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Black bear sighting in tree at Disney World triggers closures at Magic Kingdom

The Florida Fish and Wildlife Conservation Commission said Monday afternoon that it successfully captured the adult female bear and will relocate it near Ocala National Forest.
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Sightings of a black bear at Florida’s Disney World caused parts of "The Most Magical Place on Earth" to temporarily close Monday afternoon, the theme park announced. 

The Florida Fish and Wildlife Conservation Commission said it safely captured the adult female bear that was reported to be in a tree at the Orlando resort's Magic Kingdom. 

Around 1:30 p.m. ET, NBC affiliate WESH of Orlando’s helicopter captured aerial footage of what appeared to be the bear in a white tarp carried by multiple law enforcement agents moving out of a wooded area.

In an update after 2 p.m. ET, the FWC said its biologists with the agency’s Bear Management Program and FWC law enforcement officers had the animal.

“Staff have captured the animal and are relocating the bear out of the park to an area in or around the Ocala National Forest,” FWC said in the update.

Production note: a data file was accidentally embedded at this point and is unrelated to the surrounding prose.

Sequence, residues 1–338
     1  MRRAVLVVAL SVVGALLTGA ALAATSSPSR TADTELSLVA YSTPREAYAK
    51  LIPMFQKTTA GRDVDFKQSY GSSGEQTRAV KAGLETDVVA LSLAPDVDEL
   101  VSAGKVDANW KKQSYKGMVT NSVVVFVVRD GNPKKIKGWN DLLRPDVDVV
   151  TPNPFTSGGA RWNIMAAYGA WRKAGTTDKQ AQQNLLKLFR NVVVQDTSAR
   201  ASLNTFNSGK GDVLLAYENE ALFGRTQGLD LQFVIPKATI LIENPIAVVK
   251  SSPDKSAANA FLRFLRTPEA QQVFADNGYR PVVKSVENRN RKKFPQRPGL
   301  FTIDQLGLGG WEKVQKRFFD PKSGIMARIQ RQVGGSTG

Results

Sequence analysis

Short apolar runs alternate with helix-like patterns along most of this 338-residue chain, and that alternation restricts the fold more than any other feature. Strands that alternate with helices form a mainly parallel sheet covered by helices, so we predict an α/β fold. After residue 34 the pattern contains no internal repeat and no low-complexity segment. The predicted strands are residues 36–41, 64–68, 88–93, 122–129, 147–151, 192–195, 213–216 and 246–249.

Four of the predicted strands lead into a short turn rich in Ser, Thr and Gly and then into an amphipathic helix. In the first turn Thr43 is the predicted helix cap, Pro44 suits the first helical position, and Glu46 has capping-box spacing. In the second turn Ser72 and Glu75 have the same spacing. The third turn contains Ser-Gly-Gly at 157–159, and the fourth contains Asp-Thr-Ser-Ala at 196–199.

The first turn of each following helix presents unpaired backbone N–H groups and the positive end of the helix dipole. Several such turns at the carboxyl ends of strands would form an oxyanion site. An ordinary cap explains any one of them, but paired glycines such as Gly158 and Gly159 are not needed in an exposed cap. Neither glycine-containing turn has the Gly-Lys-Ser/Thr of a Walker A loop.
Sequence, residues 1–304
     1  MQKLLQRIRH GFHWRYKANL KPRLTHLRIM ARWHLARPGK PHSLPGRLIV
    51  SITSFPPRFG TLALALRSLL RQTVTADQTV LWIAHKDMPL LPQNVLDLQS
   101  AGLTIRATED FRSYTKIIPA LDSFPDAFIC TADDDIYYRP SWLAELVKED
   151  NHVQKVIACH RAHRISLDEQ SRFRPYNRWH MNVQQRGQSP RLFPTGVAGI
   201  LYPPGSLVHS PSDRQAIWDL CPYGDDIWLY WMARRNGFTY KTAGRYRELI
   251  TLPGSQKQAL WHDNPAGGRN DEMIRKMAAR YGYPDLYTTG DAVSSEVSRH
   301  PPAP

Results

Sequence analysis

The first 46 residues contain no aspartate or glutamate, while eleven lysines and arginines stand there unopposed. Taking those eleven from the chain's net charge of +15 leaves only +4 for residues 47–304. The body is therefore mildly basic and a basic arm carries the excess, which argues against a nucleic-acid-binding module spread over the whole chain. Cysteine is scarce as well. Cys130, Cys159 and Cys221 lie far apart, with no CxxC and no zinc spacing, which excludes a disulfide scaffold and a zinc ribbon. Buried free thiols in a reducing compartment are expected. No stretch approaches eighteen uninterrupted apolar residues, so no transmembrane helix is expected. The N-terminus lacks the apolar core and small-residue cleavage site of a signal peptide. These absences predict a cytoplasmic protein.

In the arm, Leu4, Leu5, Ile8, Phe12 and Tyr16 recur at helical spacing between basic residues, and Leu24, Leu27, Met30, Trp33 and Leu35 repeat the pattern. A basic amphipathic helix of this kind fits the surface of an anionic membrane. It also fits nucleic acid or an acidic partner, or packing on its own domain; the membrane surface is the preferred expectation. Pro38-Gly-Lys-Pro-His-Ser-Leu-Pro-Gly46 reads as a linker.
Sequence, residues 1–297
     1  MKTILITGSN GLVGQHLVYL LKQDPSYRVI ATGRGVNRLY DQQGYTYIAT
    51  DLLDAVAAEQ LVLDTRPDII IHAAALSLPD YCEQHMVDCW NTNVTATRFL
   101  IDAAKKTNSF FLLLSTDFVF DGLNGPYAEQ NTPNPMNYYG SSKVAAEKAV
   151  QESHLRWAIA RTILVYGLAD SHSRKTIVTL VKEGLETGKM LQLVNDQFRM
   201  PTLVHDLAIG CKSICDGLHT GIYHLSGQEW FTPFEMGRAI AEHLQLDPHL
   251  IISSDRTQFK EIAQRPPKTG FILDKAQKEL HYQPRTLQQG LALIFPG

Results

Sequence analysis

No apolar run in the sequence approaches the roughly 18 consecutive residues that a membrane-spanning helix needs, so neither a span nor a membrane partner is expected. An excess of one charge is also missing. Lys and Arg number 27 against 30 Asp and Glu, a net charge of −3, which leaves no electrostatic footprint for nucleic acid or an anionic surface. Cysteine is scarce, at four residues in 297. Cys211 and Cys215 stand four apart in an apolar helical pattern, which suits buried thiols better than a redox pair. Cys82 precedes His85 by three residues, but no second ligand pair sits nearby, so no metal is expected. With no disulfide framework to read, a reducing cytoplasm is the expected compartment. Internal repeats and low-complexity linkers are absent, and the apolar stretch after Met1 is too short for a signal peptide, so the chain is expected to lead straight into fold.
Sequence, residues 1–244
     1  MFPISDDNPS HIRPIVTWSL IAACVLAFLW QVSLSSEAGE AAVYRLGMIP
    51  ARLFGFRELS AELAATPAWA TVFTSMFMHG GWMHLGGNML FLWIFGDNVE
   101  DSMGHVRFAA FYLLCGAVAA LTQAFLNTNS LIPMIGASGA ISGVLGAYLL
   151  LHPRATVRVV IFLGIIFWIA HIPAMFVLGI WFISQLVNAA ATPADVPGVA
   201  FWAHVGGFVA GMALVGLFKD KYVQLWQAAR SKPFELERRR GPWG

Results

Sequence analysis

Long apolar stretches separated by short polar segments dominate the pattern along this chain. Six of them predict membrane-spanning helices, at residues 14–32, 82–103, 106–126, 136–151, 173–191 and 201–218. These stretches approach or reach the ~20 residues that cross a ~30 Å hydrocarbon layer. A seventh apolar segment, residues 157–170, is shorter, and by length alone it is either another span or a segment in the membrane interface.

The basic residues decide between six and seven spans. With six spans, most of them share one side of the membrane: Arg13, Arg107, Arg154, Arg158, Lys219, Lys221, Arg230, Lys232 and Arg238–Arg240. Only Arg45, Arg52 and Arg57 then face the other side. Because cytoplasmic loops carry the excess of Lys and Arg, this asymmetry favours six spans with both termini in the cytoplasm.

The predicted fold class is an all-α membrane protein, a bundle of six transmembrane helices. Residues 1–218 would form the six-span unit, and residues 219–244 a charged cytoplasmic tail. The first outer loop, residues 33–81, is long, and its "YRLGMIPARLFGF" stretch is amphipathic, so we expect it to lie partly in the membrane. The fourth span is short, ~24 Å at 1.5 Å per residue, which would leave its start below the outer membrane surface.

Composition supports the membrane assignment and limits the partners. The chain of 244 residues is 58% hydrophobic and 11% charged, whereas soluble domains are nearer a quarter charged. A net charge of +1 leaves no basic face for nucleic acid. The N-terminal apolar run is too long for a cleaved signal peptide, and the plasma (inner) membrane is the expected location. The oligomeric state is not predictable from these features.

Magic Kingdom in Orlando, Fla.
Magic Kingdom in Orlando, Fla.AaronP/Bauer-Griffin / GC Images

The bear was likely in search of food ahead of the winter hibernation season, the FWC said.

Walt Disney World confirmed in an earlier statement that FWC staff were on site and working to capture the bear.

The My Disney Experience app showed long wait times Monday afternoon amid the bear sighting.

Temporarily closed attractions in Magic Kingdom included Big Thunder Mountain Railroad, Hall of Presidents, Liberty Square Riverboat, A Pirate’s Adventure, Tom Sawyer Island, Walt Disney World Railroad including Fantasyland, Frontierland and Main Street. 

Later in the afternoon, Walt Disney World said it was reopening Frontierland, Liberty Square and Adventureland at Magic Kingdom Park during the bear search.

CORRECTION (Sept. 18, 2023, 3:53 p.m. ET): A previous version of this article misstated the Florida theme park’s nickname. It’s “The Most Magical Place on Earth,” not the “Happiest Place on Earth.”